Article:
Used to taking photographs, we understand why the laser installation is carefully set up on a floating table, protecting it from vibrations: a hologram is so precise that there can be no vibrations allowed during the recording, and in the underground of Manhattan this can be a challenge!

“After developing the film with a series of different chemicals I do not want to bore you with, the 3D photograph comes to life in different colours depending on the wavelengths used.”

Back to the ground-floor, we browse through dozens of holograms made for commercial purposes, for sheer fun or experiment. Portraits of famous people such as Bill Clinton, New York City Mayor Ed Koch, Billy Idol and Andy Warhol, just to name a few, stick out of the wall in 3D through a transparent cylinder. Space shuttles, dancers and exotic animals on holographic film decorate the opposite wall. We are looking at these holograms from different angles, tilting our heads: the represented objects show themselves from different perspectives, just like they would if we were looking at the real object.

Dr. Laser shows us the one by one by one-metre holographic representation of the palace of the sultan of Brunei, before we dig into the one of a car with the mechanic of the engine animated!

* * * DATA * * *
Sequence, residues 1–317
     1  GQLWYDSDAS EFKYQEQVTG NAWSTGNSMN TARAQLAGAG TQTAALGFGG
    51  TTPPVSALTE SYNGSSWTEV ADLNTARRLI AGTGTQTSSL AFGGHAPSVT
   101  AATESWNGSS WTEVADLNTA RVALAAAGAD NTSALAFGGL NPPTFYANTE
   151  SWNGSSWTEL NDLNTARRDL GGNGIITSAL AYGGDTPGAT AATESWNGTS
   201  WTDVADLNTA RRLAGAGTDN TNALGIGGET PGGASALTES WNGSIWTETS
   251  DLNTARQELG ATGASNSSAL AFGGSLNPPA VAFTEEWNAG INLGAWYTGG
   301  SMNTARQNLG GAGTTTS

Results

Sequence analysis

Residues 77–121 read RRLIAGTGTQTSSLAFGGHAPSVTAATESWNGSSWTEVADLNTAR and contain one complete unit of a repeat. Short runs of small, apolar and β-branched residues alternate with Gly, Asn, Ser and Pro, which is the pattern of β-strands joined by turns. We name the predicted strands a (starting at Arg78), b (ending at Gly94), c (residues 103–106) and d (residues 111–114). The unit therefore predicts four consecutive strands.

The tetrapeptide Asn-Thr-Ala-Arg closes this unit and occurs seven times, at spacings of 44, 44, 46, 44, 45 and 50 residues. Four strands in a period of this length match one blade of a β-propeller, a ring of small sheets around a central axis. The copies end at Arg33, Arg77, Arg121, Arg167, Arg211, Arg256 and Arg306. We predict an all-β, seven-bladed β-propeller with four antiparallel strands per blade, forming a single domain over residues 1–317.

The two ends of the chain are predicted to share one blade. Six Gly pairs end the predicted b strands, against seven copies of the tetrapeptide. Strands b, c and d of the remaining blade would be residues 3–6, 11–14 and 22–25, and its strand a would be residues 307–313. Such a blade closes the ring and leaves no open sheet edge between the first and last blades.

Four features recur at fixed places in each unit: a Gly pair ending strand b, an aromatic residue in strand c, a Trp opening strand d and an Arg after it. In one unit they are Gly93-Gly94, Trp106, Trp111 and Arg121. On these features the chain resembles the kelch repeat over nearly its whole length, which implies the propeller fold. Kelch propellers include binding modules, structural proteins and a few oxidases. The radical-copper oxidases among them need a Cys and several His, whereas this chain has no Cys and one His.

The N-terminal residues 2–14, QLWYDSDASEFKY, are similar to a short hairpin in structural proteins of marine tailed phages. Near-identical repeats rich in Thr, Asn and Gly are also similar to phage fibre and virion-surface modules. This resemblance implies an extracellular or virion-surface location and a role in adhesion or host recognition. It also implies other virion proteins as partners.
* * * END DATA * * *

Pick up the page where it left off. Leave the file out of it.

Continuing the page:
We are both puzzled by this handmade technology wonderland and looking at all these holograms like kids. Doctor Laser is passionate and keeps bringing some more, answering questions, joking, and highlighting the pertinence of a technology he dedicated his life to: “A hologram the size of a human brain could store every document ever written in human history”, as the data is stored at the light-wave scale! Indeed, beyond entertainment, the scope of applications is endless and high-Tech industries have been working on the topic to develop what may be the media of the future, from biomedical applications where holograms are made inside live organs through optical fibers, providing more details than any previous alternate technique to head up displays currently used in military aircraft and holostore or holographic computer memory systems that will have thousands time more memory capacity and no mechanical movements compared to today’s data storage.

Thank you Doctor Laser for this leap into the future!

Claire & Marcella

Travel tips:

  • The hologram gallery of the Holographic Studios is open for free, and tours & workshops to make your own hologram can be booked directly with the Holographic Studios.
  • Doctor Laser has his own collection of objects, and will advise you on the best object to make your own hologram of it during one of his workshops.
  • Check out this interactive map (quick tutorial) for the specific details to help you plan your trip and more articles and photos (zoom out) about the area!

Leave a Reply

Fill in your details below or click an icon to log in:

WordPress.com Logo

You are commenting using your WordPress.com account. Log Out / Change )

Twitter picture

You are commenting using your Twitter account. Log Out / Change )

Facebook photo

You are commenting using your Facebook account. Log Out / Change )

Google+ photo

You are commenting using your Google+ account. Log Out / Change )

Connecting to %s